And then there is Aaron who was Jessica's first kiss and occasional, casual date in high school... and now he's happily married to her brother?!?! Steven Wakefield, the straightest whitest most conservative character in the series? I AM SO CONFUSED. Please note: I have no problem with gay people whatsoever; in fact, 90% of the performing arts school I went to was at least bi and most of these people were my friends... but if my brother ended up married to my FIRST KISS, I might have, you know, a conversation, a feeling, or at least a THOUGHT about it!!! But that little tidbit is never even mentioned... not once in this six part miniseries, and not in Confidential when the scandalous reveal is first made. Both Aaron and Steven seemed like two of the straightest straight men I've ever met, at least in high school and college. I can buy Aaron as gay (especially in The Sweet Life where he is depicted as practically a gay male cliche) but STEVEN WAKEFIELD - the very same one whose first true love died of leukemia, second true love moved to London (after a near elopement) and third love he ALSO nearly married and had a baby with? Yes, I know that there are gay men who spend 20 plus years in the closet but there is usually at least a HINT of it before the "coming out." IMO, Pascal did this just to be politically correct and appeal to all readers. Okay fine, I get that. But it would have made much more sense for Tom McKay (McGay?) to make an "out and proud" appearance... but of course then, Francine would be accused of only allowing one gay person to live in her town, so I guess she can't win. But heh, that's Sweet Valley for you!
And that's another thing.... Why didn't any of these supposedly bright and successful people ever move on from high school? Why are they all still dating and marrying each other and living in the same town? I know it's not TECHNICALLY incestuous but it sure does feel like it. And for the record, why did none of them (especially LILA FOWLER of all people) ever move away from the small town they grew up in? Yeah, okay so whiny Lizzie spent a year or so moping in NYC but we all know she came back to the land of perfect tans to reunite with her sister, whose manipulative clutches she just can't seem to escape. Writers, it's London Calling, they want their plot back.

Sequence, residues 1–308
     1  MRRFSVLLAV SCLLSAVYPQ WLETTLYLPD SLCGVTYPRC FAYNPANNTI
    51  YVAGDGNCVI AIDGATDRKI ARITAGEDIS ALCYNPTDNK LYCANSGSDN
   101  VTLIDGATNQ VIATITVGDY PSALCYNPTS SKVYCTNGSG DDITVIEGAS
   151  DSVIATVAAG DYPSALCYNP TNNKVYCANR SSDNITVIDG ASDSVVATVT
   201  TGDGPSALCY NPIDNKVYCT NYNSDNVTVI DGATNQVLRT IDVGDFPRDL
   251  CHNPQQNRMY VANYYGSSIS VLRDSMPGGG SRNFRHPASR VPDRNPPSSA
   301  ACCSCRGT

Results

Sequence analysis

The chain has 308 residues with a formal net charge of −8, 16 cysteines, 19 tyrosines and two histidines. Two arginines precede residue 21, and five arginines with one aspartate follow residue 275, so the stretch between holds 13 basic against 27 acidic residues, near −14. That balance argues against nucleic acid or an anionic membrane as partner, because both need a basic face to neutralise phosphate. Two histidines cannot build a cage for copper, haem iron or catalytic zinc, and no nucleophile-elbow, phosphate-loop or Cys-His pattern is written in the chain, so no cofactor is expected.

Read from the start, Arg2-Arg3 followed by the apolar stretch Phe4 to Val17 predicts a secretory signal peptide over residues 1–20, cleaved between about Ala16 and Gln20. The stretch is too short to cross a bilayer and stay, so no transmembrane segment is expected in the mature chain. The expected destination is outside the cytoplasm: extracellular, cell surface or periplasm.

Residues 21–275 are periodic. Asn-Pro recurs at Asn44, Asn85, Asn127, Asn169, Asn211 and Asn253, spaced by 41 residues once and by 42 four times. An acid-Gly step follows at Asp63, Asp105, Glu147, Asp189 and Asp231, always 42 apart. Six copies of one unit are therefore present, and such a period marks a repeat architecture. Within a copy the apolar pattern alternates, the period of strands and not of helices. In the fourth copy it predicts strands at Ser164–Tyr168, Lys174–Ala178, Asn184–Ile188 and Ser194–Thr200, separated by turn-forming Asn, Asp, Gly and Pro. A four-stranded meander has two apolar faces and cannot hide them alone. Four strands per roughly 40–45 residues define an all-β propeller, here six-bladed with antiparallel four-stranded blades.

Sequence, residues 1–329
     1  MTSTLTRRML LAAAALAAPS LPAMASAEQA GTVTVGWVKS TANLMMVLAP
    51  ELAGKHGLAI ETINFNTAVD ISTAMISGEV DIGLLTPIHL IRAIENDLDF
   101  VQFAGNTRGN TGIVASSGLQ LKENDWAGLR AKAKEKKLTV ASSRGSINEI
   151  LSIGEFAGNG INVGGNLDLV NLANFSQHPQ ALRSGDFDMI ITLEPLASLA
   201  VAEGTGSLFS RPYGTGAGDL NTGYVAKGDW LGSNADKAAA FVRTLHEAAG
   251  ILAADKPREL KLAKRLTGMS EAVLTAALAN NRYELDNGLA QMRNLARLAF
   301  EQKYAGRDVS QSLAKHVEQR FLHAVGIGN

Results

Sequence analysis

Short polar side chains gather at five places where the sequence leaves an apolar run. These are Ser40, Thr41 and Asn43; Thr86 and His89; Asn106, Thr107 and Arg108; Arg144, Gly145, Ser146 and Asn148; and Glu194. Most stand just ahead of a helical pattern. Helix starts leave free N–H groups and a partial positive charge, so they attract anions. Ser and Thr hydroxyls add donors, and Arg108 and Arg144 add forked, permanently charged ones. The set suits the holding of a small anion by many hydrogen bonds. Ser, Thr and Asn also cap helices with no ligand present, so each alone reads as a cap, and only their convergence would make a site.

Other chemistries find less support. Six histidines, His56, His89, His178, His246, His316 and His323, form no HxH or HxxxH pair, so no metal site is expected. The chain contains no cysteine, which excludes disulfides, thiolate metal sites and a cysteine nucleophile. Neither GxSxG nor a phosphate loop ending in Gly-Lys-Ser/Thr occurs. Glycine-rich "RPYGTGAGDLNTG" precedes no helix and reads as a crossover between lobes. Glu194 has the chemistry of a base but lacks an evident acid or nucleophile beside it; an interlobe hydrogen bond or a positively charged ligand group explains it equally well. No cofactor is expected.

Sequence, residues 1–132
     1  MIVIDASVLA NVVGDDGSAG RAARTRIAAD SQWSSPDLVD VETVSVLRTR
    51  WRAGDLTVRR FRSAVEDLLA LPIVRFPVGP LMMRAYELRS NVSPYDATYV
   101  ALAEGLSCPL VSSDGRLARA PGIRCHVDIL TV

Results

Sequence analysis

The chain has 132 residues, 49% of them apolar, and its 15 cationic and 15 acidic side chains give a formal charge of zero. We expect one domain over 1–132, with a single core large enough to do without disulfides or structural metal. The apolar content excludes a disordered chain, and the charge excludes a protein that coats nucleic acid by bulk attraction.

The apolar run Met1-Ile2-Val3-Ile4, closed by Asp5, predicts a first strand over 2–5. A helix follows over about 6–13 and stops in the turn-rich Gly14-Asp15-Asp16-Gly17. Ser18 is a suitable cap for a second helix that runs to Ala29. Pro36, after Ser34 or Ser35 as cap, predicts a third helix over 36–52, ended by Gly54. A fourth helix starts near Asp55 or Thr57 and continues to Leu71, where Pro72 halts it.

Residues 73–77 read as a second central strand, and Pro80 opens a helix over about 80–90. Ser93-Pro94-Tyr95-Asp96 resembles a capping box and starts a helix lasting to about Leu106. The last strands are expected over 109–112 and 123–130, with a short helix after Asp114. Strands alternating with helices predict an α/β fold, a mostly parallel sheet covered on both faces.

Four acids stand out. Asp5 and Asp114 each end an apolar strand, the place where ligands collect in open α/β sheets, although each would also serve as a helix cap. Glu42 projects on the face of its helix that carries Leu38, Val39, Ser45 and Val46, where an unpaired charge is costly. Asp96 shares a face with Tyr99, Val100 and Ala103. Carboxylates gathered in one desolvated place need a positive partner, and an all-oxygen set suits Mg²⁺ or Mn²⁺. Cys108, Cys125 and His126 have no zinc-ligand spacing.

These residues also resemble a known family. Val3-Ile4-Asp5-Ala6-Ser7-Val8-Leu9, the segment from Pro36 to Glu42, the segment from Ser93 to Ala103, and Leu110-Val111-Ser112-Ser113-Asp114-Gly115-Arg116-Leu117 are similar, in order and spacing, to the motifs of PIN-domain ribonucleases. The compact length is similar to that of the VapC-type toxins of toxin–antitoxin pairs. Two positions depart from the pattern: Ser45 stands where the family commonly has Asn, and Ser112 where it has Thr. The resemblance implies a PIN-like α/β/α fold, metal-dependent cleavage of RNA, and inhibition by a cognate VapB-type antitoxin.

I guess part of the problem with these books is that the author tries to make Sweet Valley seem grittier and more realistic than it did in the earlier series'. Simply put, Sweet Valley is not SUPPOSED to be realistic, it's supposed to appear perfect and idealistic and far, FAR away from anything even resembling normalcy. Forget simply fighting over boys, this is a series that not only featured but EMBRACED the supernatural. Jess and Liz have dated not only the most popular boys in school, but Princes and Dukes, vampires and werewolves! They have encountered mad-women intent on stealing their mother's face. They have been kidnapped AND shipwrecked, hijacked by modern day pirates in the desert, and even gone on a "Thelma and Louise" type adventure with a Brad Pitt lookalike hot on their trail: hoping to either sleep with Jessica or kill both twins- honestly, it was hard to tell.
All that said, I am glad to see that Francine Pascal and company took to heart the words and comments of fans who were sorely disappointed by Sweet Valley Confidential. Glaring errors were fixed in the follow up books (like Mr. Fowler's name - its George, not Richard) and Jessica no longer utters the words "like" and "so" every other sentence. I suspect that Ms Pascal realizes her talents laid elsewhere, and handed the reins to a ghostwriter to put her ideas onto the page. Good choice. The writing is still on a fifth grade level, but at least it doesn't make you want to tear your eyes out like Confidential did. If you aren't expecting The Sweet Life to resemble the old series in any ways except the superficial, then it's not a bad read. But for the old fans looking for a bit of nostalgia, I recommend curling up with an old SVH paperback. Because the saying is true - you really CAN'T go home again.
P.S. There is nothing like picking up an old Sweet Valley paperback and admiring the glossy, oft-ridiculous, covers. e-books just aren't the same, convenient or not.